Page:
Chile — 26 March 2012

We had two separate earthquakes: today and yesterday–both you could say were strong.  Below are some impressions from our publisher and some news taken from various sources.  The Youtube video above is taken from an unknown source.  The guy in the video says “It’s a strong earthquake.”

Today we had a 7.1 earthquake in Talca.  That is 135 miles (218 KM) south of Santiago.

The walls here of my apartment were shaking so hard that I could hear them cracking.  I was laying on the couch.  A picture frame hanging over my head was moving about so much that I thought that it would fall.  The earthquake lasted 45 seconds.  I would describe my mood then as “excited” and not “scared”.

The buildings here are built with reinforced concrete and seismic events are frequent. A few days ago I hung a couple of pictures on the wall using concrete nails so I know how tough are even the interior walls.  Only one building fell down here in the capital in the monster earthquake of two years ago so my building should be O.K.

 Finally today I am hearing people calling this event using the more menacing word “terramoto” and not the more benign word “temblor”.   It seems it has to be a 7 point or higher to be called an “earthquake” and not merely a “tremor” in this country accustomed to seismic events

Here is some news from various sources:

TVN television showed Palestino and Colo-Colo soccer teams playing when the earthquake struck.  Such is the passion for soccer here that play was not interrupted even as the announcers said “there is an earthquake” and added that it was “strong”.   The forward drove for the goal and the goalie blocked the shot.

At first there was a call to evacuate the central coast but that was cancelled.  But now (10:00 PM) there is a call the evacuate the coast as a precaution in the VIIth region (i.e. Maule) because the ocean retreated 40 meters from the coastline.  A geologist on TV explained that there could be a tsunami.  But it need not be a monster sized tsunami.   It could be just one very long protracted ripple.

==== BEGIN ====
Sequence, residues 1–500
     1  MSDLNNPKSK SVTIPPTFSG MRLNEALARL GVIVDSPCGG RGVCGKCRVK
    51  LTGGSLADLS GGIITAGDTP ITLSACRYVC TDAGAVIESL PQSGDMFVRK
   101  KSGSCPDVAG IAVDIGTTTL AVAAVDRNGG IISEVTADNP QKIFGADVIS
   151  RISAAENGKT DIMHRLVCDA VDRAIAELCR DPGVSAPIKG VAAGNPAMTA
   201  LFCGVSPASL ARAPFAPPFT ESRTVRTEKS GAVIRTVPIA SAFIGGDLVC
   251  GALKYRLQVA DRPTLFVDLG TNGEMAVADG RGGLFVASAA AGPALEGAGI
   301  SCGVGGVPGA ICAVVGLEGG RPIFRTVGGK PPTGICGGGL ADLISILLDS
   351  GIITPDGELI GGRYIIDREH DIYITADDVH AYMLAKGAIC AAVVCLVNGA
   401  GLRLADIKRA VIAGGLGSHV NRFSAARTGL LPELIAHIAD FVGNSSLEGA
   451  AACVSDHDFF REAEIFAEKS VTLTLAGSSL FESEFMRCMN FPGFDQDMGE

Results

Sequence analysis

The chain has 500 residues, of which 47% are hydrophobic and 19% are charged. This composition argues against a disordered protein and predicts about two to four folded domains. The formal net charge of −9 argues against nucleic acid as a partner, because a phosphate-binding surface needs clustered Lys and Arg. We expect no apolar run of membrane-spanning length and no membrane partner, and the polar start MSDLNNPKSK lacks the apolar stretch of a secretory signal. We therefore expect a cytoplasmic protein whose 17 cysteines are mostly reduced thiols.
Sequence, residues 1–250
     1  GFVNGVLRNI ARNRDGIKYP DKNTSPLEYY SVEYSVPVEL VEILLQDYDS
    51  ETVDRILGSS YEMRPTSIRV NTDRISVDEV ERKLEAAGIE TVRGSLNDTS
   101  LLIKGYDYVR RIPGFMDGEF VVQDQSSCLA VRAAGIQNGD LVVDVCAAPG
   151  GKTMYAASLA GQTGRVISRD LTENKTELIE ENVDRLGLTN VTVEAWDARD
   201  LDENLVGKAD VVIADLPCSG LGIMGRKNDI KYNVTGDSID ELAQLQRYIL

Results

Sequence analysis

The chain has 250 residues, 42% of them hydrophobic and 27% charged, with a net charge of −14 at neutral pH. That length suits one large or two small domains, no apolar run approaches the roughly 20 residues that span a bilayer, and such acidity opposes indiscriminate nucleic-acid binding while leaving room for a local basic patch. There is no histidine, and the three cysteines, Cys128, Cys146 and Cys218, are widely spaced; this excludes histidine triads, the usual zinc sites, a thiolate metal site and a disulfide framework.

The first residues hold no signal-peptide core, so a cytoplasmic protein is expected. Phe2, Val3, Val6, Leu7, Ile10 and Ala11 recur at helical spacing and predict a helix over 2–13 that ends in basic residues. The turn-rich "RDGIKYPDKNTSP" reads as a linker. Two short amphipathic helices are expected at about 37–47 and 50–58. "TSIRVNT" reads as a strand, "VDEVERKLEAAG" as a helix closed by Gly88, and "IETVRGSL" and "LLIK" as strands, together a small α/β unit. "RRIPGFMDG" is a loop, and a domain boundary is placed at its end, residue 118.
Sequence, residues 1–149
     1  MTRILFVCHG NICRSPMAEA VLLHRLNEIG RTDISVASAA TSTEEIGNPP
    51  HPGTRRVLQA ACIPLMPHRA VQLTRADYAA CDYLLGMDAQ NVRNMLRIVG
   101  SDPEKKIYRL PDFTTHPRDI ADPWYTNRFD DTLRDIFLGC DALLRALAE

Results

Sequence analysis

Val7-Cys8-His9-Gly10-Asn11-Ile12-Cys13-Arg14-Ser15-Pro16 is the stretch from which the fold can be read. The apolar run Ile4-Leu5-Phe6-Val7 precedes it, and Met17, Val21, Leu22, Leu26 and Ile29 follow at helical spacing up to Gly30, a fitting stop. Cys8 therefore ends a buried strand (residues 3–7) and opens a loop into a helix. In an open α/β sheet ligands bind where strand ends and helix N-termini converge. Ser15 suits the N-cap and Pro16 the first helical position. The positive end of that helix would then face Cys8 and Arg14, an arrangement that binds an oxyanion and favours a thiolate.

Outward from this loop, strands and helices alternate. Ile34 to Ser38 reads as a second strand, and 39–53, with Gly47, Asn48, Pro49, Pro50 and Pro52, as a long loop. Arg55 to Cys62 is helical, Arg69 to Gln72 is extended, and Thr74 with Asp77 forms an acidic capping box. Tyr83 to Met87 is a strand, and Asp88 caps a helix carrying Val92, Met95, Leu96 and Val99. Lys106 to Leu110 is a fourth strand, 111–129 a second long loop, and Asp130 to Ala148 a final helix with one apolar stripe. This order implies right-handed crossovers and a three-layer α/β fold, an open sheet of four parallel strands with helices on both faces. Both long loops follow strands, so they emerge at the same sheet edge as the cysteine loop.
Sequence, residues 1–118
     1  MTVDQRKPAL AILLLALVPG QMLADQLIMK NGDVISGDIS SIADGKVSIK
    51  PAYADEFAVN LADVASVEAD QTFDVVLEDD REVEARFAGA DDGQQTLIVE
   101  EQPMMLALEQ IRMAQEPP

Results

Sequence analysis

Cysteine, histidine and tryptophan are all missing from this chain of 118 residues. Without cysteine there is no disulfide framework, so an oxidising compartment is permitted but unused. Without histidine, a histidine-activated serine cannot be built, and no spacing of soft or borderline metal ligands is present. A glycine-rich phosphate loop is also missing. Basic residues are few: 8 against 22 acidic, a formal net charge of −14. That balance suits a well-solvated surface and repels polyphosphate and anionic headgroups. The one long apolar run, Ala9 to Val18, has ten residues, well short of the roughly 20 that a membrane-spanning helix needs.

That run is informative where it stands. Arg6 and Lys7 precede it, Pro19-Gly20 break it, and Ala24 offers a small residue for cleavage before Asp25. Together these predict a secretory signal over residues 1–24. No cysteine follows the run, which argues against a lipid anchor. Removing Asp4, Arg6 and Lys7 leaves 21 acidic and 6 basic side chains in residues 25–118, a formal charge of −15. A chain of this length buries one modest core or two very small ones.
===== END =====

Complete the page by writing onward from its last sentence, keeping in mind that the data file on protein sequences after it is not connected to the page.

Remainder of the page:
One person was hurt in a traffic accident in Bio-Bio attributed to the earthquake. An elderly lady was  hurt in Maipú when part of the roof the church in which she was attending mass came down–it was sort of a temporary roof.  And another elderly person died of a heart attack.

Cell phone service is affected due to heavy loads in certain areas to the south.   2,600 are reported without electricity in the metropolitan area because a feeder line is out.

The newspapers today (Monday) are calling this an aftershock from the 8.8 earthquake of February 27, 2010.


Yesterday was had a 5.1 Earthquake just 42 miles (68 KM) west of the city in the Casablanca, Valley.

At about 4 oclock in the morning I was awaken to the bed shaking back and forth.  The sliding glass doors were rattling.  There was noise outside.  The event lasted about 90 seconds.  At the end all the dogs in the neighborhood were barking in unison.

Finally, two weeks ago I was in the North of Chile in Iquique when we had a 4.1 earthquake only 15 miles away.  You could hear rattling of the building for a few seconds followed by one stiff jolt.  There are earthquakes here every week it seems of 5 to 6 on the richter scale.  Some of them just sway the apartment back and forth with a gentle motion.  Some you do not feel at all, especially if you are walking.  But that one in Iquique was so close it made its presence known bluntly.


Here are some relevant links:


USGS 5.1 event page:

USGS 7.1 event page:

University of Chile Seismic Service:

Onemi (National Emergency Center):


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